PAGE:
Now, he has hit a ceiling and need helps getting through it.

He wants to grow his maintenance division, which he can do by selling a maintenance package to his one-time jobs. He’ll also need to add more commercial maintenance work, which will be the job of his brother, Rick, who was brought on recently. Rick was a door-to-door salesman for a pest control company so he has some knowledge of the industry.

Lobato also has trouble collecting payments, so either he’ll have to focus on accounts receivable, delegate that task or hire someone to do it.

He’ll also need to work on how he shows customer appreciation after a job is done. La Cholla customers do receive a survey after a job is done, and if the survey shows anything less than a four out of five rating, Lobato follows up to find out what went wrong. But other than that, customers don’t receive anything to show that their business is appreciated.

Sharing Knowledge.

Since starting his company, Lobato began to notice there were employees in the industry who had personal issues and needed some mentoring.

Sometimes it plays out with explosions in the field, or with a customer or at the office. He also saw employees who felt they would always be at the bottom of the totem pole. That’s when he started sharing his own story to illustrate they can start with nothing and turn it into something – whether that’s rising the ranks at La Cholla, another company or starting their own business.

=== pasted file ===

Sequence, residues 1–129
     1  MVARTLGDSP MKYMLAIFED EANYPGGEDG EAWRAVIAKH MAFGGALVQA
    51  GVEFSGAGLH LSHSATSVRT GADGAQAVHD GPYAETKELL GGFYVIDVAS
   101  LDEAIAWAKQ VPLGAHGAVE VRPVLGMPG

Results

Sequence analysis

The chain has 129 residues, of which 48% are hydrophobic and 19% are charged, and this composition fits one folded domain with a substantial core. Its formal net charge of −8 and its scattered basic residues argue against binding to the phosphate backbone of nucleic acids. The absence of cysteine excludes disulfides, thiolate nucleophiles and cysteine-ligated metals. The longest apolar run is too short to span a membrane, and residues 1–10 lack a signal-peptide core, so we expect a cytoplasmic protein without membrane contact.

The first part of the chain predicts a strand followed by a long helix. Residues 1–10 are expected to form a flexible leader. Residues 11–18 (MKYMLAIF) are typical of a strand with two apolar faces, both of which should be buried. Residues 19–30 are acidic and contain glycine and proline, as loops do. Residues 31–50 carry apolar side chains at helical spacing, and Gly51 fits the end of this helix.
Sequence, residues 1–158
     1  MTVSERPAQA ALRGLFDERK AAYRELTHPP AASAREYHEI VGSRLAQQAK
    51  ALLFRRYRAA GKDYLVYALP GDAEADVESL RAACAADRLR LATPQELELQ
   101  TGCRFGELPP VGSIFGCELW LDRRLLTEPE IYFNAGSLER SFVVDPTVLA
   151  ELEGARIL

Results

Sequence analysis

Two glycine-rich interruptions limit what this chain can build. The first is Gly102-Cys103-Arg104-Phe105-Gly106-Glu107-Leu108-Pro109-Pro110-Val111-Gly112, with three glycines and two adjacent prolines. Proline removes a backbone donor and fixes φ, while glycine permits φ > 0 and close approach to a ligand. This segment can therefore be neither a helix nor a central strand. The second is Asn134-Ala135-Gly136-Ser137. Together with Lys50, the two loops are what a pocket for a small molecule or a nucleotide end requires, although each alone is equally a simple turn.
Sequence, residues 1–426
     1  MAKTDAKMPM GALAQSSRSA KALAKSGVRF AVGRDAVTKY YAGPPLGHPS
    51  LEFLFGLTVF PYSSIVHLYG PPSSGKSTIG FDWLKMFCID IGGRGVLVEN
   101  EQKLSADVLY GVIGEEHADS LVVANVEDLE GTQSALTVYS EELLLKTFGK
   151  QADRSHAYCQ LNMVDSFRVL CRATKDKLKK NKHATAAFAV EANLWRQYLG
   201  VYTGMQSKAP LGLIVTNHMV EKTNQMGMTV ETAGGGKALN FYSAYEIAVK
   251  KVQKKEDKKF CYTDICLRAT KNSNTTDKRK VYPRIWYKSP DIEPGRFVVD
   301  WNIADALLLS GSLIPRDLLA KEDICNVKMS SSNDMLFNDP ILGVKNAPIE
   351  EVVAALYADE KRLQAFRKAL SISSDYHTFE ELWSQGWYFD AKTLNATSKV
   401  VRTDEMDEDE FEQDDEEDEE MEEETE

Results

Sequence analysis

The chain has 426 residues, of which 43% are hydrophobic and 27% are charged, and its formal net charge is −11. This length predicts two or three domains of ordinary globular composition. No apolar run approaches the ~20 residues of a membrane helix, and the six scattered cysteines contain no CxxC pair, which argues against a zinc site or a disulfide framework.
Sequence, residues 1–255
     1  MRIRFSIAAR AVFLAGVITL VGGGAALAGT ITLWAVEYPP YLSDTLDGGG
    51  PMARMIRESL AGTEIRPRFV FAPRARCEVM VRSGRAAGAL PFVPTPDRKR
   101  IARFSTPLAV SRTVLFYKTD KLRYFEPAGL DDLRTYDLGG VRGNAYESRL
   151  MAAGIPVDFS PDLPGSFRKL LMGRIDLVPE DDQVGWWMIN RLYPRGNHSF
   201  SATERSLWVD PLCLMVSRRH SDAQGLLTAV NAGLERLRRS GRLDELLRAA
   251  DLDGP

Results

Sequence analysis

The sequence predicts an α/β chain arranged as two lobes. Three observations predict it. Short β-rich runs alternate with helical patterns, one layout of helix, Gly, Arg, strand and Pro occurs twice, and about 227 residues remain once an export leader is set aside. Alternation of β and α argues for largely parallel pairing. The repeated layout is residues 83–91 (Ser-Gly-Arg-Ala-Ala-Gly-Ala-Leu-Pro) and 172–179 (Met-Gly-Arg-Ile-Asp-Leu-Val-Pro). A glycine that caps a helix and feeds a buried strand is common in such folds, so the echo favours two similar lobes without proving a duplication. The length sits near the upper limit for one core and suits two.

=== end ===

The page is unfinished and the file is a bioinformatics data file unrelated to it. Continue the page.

“That’s where we try and create or reshape or mold to become better, so they can start making improvements or stepping up in life and progressing forward or advancing,” he says. “Because sometimes they feel stuck in just being a laborer for the rest of their life or being stuck in these dead-end hourly jobs.”

While he wants to grow the financial side of the business, he also wants to become more of teacher to his employees, and someone they can look to as a positive example.

He would eventually like to become a SCORE advisor, but that can’t happen until he makes grows revenue at La Cholla.

“There are certain cases with guys where I am inspired and where I have unique words for the struggles they encountered,” he says. “I feel something rise up inside.”

Lobato, left, with his maintenance manager, Michael Guerrero, center, will work to grow his company to $1 million in revenue.

Harvester’s take:

First impression: The yard and building are very organized and the operation seems to be under control. Gabe seems to have it together.

What they are doing well: The branding of the company is great. There is good delegation of duties among staff. Gabe is very organized and works systematically to accomplish each task.

Immediate areas for improvement: The company has limited reoccurring revenue of only 20 percent, which limits the value of the company and considerable work must be done to see all of the one-time jobs. Gabe will need to explore more commercial work because residential work is very small sales per month and considerable drive time. The company needs a business developer. While they have weekly safety meetings, there needs to be an official program on record.